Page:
Will New PTO Guidance Be The Antidote to Alice In The Medical Device Patenting Process?

| Philip M. NelsonRonald J. Schoenbaum

Medical devices are increasingly incorporating software and other computer elements, but software and computer patents are in the middle of a multi-year battle between different worldviews. This battle is destined to trap more and more medical device patents in a strange procedural limbo.

Ever since the Alice v. CLS Bank supreme court case in 2014 (and even a little before), the USPTO has been more reticent to grant software patents. USPTO officials likely felt burned by some high profile cases where they got bad press for issuing patents that were arguably too broad. The Alice case focused on the threshold question of whether some categories could be “eligible” for patenting in the first place, and it emphasized that wholly abstract ideas aren’t patentable.

The Alice case didn’t resolve whether software as a broad category could be deemed ineligible for patents as a threshold matter, but it left enough wiggle room for many examiners (and judges) to treat it that way. This effect was intensified by the attitude of the Director of the USPTO under President Obama, who was formerly a lawyer for Google and did not appear to favor patent eligibility for new software patents. This was consistent with the general worldview of large companies, which do not need patents to break into the market.

Now the pendulum is swinging back in the other direction for various reasons:

1. Software patent examiners are feeling more confident about where to draw the line between eligible and
not-eligible subject matter because many cases have been decided since Alice and they have more
experience under the changed law.

2. The new USPTO director appears to be generally more favorable to granting patents, including software
patents. Under his direction, the PTO has drafted guidance for its examiners that provides easy categories
designed to help examiners quickly get past the threshold patent eligibility question and move on to the more
substantive analysis of whether inventions are novel and non-obvious in view of the “prior art.” This guidance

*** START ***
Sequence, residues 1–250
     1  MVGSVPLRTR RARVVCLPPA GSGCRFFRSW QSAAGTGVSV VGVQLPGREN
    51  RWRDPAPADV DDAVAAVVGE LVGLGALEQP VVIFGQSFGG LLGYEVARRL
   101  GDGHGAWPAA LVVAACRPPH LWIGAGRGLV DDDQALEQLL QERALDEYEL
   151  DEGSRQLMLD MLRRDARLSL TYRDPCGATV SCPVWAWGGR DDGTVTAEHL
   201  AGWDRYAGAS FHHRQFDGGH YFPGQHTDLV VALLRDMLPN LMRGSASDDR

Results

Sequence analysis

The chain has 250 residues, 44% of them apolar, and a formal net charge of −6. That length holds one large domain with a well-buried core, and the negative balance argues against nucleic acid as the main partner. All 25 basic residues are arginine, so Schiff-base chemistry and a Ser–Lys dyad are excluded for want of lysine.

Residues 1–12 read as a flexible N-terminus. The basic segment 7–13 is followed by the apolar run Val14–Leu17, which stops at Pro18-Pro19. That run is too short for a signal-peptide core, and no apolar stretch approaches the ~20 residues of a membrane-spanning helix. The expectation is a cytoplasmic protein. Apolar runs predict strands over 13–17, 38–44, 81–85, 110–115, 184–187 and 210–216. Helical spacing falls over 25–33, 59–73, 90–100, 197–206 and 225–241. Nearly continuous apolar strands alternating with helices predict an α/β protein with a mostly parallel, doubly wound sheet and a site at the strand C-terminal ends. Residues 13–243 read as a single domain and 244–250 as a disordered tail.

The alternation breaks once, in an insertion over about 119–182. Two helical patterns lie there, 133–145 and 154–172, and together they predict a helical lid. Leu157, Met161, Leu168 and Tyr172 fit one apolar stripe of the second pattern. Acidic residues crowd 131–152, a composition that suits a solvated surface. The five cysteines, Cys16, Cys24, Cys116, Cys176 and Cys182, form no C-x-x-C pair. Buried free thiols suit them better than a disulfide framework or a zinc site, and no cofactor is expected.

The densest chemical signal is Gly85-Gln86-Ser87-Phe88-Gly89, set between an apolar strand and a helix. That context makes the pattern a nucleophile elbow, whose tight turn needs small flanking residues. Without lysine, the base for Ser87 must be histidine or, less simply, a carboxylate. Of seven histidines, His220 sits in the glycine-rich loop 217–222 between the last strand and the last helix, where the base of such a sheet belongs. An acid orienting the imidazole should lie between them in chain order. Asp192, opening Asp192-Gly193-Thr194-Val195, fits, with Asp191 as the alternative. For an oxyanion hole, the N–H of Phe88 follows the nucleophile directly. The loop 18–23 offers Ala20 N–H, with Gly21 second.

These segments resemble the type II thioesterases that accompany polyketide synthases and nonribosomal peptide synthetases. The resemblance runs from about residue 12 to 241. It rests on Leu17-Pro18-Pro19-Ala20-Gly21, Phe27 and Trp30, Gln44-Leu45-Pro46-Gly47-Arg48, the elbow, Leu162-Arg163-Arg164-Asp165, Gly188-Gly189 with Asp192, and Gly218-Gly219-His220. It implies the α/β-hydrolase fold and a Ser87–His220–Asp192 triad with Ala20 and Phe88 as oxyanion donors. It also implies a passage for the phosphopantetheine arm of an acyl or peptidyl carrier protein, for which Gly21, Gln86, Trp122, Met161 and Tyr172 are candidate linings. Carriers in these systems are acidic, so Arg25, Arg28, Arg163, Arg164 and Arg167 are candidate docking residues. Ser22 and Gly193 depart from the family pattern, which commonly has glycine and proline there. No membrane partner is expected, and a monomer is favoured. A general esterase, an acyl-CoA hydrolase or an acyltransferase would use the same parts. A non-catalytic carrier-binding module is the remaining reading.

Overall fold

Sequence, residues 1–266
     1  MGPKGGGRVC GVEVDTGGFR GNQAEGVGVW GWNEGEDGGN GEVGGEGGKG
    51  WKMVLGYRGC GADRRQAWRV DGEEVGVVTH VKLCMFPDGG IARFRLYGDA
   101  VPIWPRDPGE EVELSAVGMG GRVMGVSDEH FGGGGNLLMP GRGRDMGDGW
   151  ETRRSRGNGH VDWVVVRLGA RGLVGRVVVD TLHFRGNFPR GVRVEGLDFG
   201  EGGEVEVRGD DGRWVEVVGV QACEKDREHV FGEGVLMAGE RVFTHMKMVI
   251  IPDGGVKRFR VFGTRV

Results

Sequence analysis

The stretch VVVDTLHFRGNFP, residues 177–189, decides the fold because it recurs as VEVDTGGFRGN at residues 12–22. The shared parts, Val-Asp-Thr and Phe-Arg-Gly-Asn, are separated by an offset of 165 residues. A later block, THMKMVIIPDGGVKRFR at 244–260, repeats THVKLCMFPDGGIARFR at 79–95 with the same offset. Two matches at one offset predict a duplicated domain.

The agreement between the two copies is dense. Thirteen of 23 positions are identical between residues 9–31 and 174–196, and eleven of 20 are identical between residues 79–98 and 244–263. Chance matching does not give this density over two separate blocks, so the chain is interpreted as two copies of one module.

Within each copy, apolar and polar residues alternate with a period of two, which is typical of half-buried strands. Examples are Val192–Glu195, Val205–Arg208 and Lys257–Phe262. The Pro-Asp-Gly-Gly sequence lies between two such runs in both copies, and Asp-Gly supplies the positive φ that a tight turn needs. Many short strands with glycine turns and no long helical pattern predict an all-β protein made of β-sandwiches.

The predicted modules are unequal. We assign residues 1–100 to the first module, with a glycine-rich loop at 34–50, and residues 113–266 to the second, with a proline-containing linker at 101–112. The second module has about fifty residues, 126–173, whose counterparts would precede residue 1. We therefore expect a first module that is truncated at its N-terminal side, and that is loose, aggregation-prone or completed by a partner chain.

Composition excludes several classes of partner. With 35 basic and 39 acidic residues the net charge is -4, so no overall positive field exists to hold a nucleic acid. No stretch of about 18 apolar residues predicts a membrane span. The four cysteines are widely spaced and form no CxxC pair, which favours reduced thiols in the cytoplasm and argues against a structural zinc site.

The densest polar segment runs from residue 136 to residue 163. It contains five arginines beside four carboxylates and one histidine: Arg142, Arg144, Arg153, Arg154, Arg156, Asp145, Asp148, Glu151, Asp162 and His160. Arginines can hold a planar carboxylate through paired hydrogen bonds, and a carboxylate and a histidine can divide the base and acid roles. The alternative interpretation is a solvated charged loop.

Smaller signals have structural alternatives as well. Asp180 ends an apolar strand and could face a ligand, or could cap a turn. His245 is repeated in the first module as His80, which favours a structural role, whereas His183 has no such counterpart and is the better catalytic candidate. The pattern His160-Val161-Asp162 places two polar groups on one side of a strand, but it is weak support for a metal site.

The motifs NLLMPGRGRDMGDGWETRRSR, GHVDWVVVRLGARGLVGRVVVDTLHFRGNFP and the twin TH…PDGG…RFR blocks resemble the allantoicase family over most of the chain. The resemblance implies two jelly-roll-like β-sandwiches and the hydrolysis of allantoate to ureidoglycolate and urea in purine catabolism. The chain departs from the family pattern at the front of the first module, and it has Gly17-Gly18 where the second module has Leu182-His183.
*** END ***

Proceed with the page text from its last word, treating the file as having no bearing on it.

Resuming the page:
will be issued in the next few weeks (after a long delay and revisions made by the DOJ, analysis by the
OMB, etc.)

There will be some residual bias among many software patent examiners and their supervisors at the PTO against eligibility for software patents, but the above factors will likely tend to overcome that bias over time.

So what about the examiners specifically tasked with examining medical device patent applications? They are a year or two behind the curve, and they are currently rejecting medical device applications that have any software or computer component at an unreasonable rate. They are where the pure software examiners were several years ago. Many of them seem to be treating the software elements of any claim as a poison pill, even though many other clearly non-abstract elements are present and should easily make the claim patent eligible.

So a very interesting question over the next several months will be how these medical device examiners will react to the new guidance from the PTO Director. Will they catch up to their software examiner counterparts, or will they continue to lag and disproportionately reject smart devices, even though these devices are arguably the most novel and nonobvious medical devices being developed (in large part due to their software or computer aspects)?

Patent filers should seek to maintain patent strength and not seek overly broad patent scope, even if the PTO guidance seems to swing hard toward eligibility. The Courts will not necessarily agree with the PTO guidance, so the eligibility lessons learned in the software groups over the last several years should continue to be applied, no matter what happens in the near term on the PTO allowance rates for software and medical device patents.